The Empire Strikes Back: An Appreciation

The Empire Strikes Back: An Appreciation While many fans (myself included) are still buzzing with excitement from last December’s The Force Awakens, it’s only logical to look ahead and...

The Empire Strikes Back: An Appreciation

Empire Strikes Back

While many fans (myself included) are still buzzing with excitement from last December’s The Force Awakens, it’s only logical to look ahead and ponder over the possibilities as to what lies in store for Luke, Finn, and Rey. The First Order is becoming shockingly more powerful, and we’ve lost one of our most beloved heroes in all of science fiction. What’s next? How will the story progress from here? While it’s fun to debate theories with friends (and enemies, too – everybody likes these movies), it’s also a bit pointless; we’ll figure out what happens in the next film when the next film comes out. For me, it’s much more logical to go back and discuss what we do know and have watched with wonder for years.

I could sit here and type out a novel about the production of 1980’s The Empire Strikes Back and what went into making this extremely important chapter in the Star Wars franchise, but I’m not going to do that. Instead, I’d like to focus on what makes Star Wars so important to me: the excitement that I felt when I had first watched it; the excitement that I still feel, even today, just talking about these movies. This feeling is at the core of the foundation for every fan’s infatuation with these movies, and although many see this movie as pretty dark for The Galaxy Far, Far Away, the darkness actually adds to the original excitement set forth in A New Hope. In other words, it’s not really all that bleak.


Where A New Hope shares its excitement with the world by being fun, fast-paced, and adventurous, The Empire Strikes Back uses the original as a reference point to add to the film’s grit; a stark contrast that would not have been as impactful had the first been more mature. The first introduces us to a world with funny, quirky droids and doe-eyed apprentices, along with the stereotypical cowboy-type and a whole plethora of characters in which you could pick your favorite from. The second installment asks us to dig deeper with these fictional people and begs us to care; it asks us to use our emotional investments in them to feel pain and sadness at their loss and defeats. The tone of the movie is dark, yes, but it’s only as dark as your ability to emote with these space princesses and scruffy looking nerf herders.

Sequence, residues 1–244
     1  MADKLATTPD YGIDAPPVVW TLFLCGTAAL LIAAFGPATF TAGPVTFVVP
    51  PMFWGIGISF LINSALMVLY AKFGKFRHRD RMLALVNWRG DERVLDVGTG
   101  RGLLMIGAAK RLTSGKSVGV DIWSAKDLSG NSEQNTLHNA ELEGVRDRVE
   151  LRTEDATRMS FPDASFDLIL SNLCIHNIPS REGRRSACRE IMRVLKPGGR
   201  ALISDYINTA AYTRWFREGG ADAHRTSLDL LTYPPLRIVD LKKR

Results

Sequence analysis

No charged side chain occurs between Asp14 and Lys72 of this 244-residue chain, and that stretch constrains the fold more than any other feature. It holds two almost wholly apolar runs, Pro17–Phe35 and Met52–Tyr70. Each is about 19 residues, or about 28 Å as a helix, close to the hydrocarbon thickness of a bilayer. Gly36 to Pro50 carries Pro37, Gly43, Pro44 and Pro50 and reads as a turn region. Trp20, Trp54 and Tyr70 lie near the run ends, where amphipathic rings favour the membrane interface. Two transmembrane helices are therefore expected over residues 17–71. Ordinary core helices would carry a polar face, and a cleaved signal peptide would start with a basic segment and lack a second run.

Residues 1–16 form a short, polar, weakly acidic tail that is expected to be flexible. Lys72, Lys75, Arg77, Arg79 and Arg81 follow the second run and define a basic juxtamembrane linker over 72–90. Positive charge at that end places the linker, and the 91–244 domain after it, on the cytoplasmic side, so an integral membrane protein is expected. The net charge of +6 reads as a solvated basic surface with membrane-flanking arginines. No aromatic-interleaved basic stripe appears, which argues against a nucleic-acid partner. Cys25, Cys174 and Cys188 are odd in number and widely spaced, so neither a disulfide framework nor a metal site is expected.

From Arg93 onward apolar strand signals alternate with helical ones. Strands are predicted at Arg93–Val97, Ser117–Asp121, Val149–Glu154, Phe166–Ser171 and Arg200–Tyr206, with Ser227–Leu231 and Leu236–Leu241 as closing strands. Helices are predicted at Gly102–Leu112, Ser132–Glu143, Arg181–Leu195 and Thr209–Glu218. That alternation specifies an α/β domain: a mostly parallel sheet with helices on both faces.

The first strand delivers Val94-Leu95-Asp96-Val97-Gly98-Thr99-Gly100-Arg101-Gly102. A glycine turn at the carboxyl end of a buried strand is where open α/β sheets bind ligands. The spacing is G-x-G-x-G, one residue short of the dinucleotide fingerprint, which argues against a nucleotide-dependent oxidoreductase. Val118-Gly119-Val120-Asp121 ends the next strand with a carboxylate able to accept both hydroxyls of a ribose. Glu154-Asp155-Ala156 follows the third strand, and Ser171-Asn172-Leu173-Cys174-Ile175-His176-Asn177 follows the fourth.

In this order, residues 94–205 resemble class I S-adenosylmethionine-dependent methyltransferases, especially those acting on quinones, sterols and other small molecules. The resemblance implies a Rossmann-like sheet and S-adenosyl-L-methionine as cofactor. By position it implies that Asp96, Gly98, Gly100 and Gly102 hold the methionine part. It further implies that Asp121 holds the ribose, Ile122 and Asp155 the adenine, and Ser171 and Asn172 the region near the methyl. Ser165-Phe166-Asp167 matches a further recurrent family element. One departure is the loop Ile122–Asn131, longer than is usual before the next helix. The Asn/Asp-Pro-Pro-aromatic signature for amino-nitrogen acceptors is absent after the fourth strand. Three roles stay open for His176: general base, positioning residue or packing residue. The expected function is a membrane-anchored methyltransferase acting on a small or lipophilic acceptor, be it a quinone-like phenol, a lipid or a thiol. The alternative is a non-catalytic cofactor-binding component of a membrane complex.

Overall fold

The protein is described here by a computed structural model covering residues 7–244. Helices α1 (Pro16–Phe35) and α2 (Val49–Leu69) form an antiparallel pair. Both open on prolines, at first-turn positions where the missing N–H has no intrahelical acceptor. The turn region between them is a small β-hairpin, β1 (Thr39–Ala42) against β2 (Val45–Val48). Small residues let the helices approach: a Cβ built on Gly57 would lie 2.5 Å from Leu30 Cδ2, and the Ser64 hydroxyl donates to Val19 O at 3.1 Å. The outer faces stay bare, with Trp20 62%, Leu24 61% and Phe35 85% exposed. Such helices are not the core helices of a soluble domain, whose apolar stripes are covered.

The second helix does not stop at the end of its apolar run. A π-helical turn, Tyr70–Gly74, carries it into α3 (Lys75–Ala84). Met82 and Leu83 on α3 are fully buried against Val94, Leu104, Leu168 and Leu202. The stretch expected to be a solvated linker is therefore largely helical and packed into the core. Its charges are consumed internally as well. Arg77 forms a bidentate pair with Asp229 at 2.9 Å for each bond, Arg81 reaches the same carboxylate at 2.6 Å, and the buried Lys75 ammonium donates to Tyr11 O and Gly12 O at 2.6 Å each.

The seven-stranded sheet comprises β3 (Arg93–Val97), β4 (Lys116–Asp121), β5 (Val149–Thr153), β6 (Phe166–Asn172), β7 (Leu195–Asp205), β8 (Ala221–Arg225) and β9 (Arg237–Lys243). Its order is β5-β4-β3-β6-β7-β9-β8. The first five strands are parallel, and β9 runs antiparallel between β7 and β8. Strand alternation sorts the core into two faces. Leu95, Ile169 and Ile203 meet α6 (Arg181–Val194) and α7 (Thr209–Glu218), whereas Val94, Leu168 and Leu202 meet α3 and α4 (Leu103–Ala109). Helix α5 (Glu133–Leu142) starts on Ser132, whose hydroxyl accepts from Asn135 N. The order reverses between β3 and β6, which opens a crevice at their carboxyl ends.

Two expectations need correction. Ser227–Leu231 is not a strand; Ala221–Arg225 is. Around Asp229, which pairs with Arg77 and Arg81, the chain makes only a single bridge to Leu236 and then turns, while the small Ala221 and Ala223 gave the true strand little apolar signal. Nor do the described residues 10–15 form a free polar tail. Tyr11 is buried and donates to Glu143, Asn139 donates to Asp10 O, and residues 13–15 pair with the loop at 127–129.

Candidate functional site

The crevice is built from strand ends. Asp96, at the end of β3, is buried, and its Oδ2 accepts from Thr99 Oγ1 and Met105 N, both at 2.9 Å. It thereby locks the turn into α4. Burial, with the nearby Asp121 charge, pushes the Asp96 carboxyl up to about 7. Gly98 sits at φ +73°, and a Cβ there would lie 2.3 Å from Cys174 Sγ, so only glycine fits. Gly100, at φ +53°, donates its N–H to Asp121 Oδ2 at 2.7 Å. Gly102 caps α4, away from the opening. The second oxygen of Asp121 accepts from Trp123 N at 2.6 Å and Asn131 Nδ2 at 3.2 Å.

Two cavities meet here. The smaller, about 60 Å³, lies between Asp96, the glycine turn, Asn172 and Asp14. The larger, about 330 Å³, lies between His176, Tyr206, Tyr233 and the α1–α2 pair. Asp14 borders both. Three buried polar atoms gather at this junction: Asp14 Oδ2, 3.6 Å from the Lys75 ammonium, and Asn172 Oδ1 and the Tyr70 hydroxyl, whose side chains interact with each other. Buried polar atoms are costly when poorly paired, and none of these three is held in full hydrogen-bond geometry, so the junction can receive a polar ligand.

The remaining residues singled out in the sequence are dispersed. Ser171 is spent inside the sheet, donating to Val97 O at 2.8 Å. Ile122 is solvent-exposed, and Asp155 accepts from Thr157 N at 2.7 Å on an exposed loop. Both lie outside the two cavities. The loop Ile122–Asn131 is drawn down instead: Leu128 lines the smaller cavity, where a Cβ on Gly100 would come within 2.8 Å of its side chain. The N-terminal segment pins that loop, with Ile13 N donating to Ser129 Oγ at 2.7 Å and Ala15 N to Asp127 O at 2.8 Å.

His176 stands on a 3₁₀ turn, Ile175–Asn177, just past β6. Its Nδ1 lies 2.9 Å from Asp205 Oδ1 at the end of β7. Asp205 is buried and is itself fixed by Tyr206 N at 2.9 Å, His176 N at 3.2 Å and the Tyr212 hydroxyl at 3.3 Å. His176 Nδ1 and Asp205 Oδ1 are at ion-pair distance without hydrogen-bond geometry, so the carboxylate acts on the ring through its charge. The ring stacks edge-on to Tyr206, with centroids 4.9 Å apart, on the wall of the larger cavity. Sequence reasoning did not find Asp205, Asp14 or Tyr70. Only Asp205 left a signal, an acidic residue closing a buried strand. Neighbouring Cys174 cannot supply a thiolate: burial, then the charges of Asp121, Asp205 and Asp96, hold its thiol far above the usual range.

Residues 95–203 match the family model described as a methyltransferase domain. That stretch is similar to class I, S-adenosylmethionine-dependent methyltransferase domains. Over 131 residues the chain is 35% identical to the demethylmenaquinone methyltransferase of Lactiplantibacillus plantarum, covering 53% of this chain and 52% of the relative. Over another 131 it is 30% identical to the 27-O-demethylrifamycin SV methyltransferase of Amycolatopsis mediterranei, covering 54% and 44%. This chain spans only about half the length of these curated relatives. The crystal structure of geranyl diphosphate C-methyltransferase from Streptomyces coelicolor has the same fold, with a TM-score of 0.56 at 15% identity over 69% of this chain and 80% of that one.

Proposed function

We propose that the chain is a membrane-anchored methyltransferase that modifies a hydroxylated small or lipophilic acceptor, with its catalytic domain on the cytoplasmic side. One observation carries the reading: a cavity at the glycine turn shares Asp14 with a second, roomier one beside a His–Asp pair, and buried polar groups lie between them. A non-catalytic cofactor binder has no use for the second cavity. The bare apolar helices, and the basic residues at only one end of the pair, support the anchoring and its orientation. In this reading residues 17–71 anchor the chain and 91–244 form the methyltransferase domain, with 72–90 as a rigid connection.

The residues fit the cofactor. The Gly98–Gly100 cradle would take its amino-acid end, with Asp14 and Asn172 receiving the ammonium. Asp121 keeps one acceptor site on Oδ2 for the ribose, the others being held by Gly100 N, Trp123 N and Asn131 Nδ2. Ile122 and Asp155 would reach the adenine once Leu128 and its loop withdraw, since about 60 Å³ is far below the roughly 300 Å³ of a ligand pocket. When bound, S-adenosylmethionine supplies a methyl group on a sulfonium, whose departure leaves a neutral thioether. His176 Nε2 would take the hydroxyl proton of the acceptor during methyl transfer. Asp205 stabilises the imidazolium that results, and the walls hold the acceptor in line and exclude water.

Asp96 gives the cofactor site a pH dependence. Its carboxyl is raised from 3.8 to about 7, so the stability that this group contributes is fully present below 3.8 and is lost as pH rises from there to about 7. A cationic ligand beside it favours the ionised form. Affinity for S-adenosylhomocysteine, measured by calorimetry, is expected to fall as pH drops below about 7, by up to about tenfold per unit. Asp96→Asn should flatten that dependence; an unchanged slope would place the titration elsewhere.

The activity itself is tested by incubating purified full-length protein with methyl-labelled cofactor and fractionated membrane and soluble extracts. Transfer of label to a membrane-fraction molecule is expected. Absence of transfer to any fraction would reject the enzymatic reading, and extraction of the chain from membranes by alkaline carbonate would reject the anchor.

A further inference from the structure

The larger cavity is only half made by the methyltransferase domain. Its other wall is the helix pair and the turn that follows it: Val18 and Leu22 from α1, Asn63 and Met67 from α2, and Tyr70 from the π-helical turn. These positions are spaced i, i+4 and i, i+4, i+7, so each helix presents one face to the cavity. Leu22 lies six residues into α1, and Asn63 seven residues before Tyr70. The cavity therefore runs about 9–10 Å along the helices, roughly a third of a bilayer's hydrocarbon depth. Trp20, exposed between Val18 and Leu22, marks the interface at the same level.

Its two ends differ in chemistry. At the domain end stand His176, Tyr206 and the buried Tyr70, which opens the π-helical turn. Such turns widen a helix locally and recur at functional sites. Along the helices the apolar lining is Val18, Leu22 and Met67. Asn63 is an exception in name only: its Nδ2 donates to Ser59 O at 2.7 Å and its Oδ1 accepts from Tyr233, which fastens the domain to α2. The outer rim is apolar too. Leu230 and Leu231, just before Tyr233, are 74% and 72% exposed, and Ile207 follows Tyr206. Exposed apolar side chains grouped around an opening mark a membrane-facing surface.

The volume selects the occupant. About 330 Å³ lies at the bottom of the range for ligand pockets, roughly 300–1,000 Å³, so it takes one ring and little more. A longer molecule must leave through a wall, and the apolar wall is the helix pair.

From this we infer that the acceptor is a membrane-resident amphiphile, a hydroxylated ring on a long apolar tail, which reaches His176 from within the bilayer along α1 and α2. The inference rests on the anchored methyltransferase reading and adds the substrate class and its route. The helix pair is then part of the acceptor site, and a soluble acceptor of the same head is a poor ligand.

It is this level of darkness that the excitement grew for me and for many others like me. Quite simply, things that border on the darker side of the human (or inhuman) spectrum are what interests me, and as a young horror fan, I can remember being completely engrossed by the fact that our innocent hero from the first film comes close to death within the introduction of Empire. I’m not claiming that this film is even close to resembling a horror movie, but I will say that for a child, there are some seriously scary moments here. My first impressions of this film as a kid were those of slight fear of the uncertainty that our heroes would be able to get out of this film alive. Empire made great use of the “less is more” style of filmmaking when Luke faces off against the Wampa…it’s just around the corner, and you know it’s there, but it’s hiding, waiting for the perfect moment to strike.


Listing off the scenes in which this film delves into dark territory would simply be a cop-out for a piece of writing and a way to take up space, as we all know the scenes of it by heart at this point, so I won’t bother with that either. It’s easy to say that this movie was the darkest Star Wars film at the time, but analyzing the underlying reasons behind the darkness may be a bit trickier. And with that, I’d like to point out that the real reason this film should be celebrated is not for the darkness that these characters go through, but the friendship they share and the way in which they handle such trials.